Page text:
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Remain anonymous

I think none of my papers is (primarily) about disagreeing with people. All of them are about offering new solutions to some perceived problem in the literature. (I did voice some dissatisfaction of existent solutions on the side, but never emphasized it much, since I value multiple solutions rather than pinning down one correct one.) I am not sure if this is `building off on others more' though.

Ten-Herng Lai

Here's my own example

in "Political vandalism as counter-speech" I tried to build upon the work of people who argue that the removal of commemorations of bad people is a worthy goal, to my own conclusion that vandalism as a means of protest is sometimes permissible and may even be obligatory.


Jacob J Andrews

Look at history of philosophy for some great examples of this :) In a recent paper of mine, although I took a few potshots in the footnotes, my main contributions were to:

1. Give the first significant treatment, other than the critical edition, of a major untranslated medieval text,

2. Show that the view of a certain issue implicit in that text is very close to the view of a well known classical Chinese text on the same issue,

3. Identify exactly where they diverge and why,

4. Suggest how the position that jointly emerges could be a viable contender in discussions over the issue today.

All of this engage with the literature, but none of them involve direct argumentation. 4 gets close but there's a big difference between "I'm right, you're wrong" and "I'm not obviously wrong."

Daniel Weltman

Maybe I'm missing the point of the question or there's some deeper sort of question that is being asked than what it seems to me to be, but I think this question has a pretty easy answer. To build on other people without needing to be on the offence, simply cite those other people, explain their idea to the degree necessary in the context you are writing, and then explain your expansion of their idea. Philosophers do this all the time - maybe not quite as much as they disagree, but still quite a bit.

For example, Gil Hersch and I just published this paper: https://onlinelibrary.wiley.com/doi/full/10.1111/phpr.12900 (open access, which is why I use it as an example). A lot of that paper consists of arguments against people, but lots of it also consists of building on people. See e.g. pages 2-4, where we cite Raibley and build on his idea of atomism (although I suppose technically Raibley is not an atomist, so maybe that counts as an attack); pages 6-7 and 9-10, where we build on Rosati's idea that relationalism and atomism can be compatible; page 9, where we build on Kraut's idea of judging momentary well-being; page 18, where we build on Brown's objection to Dorsey; and page 20, where we suggest Kraut and Feldman as potential ways to fill out the view we present.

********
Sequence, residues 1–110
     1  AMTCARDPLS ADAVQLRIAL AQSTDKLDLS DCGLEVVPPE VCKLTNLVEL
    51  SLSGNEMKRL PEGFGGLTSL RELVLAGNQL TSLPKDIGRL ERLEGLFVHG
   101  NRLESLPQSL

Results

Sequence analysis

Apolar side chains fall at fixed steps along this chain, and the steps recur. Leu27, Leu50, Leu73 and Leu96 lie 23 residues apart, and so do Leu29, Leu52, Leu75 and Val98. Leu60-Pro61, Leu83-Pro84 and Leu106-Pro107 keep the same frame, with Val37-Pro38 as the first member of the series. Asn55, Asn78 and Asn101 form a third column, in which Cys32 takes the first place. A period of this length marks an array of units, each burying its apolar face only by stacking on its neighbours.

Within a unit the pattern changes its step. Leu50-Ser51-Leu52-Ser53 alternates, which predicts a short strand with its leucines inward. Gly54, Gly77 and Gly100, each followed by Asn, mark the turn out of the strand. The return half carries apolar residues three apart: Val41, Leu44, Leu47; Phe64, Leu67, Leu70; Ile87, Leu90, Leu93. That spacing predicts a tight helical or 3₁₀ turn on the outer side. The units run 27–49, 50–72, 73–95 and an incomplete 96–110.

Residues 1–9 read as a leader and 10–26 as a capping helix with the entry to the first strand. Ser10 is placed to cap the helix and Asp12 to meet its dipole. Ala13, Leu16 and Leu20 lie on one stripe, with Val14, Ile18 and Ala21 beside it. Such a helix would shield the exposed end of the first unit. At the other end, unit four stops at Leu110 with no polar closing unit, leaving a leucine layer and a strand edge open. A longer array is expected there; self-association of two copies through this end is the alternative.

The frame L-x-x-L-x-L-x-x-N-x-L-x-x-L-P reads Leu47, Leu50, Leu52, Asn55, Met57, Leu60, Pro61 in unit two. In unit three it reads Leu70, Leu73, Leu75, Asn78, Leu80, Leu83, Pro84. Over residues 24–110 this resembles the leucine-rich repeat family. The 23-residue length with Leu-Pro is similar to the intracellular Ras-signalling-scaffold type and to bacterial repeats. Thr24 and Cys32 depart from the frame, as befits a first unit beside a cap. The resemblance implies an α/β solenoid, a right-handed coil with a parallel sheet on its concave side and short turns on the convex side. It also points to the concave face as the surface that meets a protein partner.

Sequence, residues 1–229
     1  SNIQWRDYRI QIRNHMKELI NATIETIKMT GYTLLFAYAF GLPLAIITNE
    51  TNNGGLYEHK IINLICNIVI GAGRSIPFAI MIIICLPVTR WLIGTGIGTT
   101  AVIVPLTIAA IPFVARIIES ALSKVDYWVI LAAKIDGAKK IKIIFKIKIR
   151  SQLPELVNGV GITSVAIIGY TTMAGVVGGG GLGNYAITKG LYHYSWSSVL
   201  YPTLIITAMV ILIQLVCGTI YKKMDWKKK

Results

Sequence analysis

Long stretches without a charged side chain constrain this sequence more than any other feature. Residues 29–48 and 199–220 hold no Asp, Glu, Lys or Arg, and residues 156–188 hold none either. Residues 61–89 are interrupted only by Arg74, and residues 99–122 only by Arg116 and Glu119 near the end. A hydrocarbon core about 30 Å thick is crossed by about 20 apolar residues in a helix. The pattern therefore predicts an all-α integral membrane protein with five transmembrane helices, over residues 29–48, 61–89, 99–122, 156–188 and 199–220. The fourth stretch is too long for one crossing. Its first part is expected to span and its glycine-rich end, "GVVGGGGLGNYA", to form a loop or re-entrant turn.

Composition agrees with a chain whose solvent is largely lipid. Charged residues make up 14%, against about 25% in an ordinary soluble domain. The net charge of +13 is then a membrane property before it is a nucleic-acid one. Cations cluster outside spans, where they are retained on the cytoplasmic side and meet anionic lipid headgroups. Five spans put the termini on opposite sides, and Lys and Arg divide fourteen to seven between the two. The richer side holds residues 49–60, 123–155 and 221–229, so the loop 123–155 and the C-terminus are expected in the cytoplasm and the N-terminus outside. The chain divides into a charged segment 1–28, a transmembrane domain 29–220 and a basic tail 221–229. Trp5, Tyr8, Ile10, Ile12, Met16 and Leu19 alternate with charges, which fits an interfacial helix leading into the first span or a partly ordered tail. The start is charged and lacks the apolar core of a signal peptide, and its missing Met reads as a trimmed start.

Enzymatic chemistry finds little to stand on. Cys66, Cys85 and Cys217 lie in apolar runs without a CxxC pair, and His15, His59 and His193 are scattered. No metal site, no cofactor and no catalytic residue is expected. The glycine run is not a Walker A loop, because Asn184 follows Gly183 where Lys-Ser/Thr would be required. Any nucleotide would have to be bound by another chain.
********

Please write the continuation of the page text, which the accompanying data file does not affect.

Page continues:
This is an example from my latest available paper but I do stuff like this in basically every article I write and I think most philosophers do too. It's very rare to write something purely negative unless it's a particularly focused comment/discussion note.

Louis deRosset

Like some other commenters, I worry that the reader is misconceiving their task. The principal task is to situate the paper in the issues. Now, a competent author will be able to map the space of issues onto the literature. But often there are (unjustifiably) neglected positions, but, typically, there are people offering discussion pertinent to the various positions one sets out. A good paper involves, in part, a map of the issue space, and also citations to the occupiers of the various regions. If there are positions in the literature that don't occupy regions of the author's map, that's a (defeasible!) symptom that the map is incomplete.

As soon as you think of your task in the way, the problem -- that people tend to focus on criticism -- disappears. You criticize those views which need criticism, as so those whom you have cited as holding those views. But you build on those whose views are promising but need development, and so those whom you have cited as holding those views.

You asked for specific examples. In my own areas, think Ricki Bliss's `Viciousness and the Structure of Reality' (https://link.springer.com/article/10.1007/s11098-012-0043-0#Fn2) provides a nice model.

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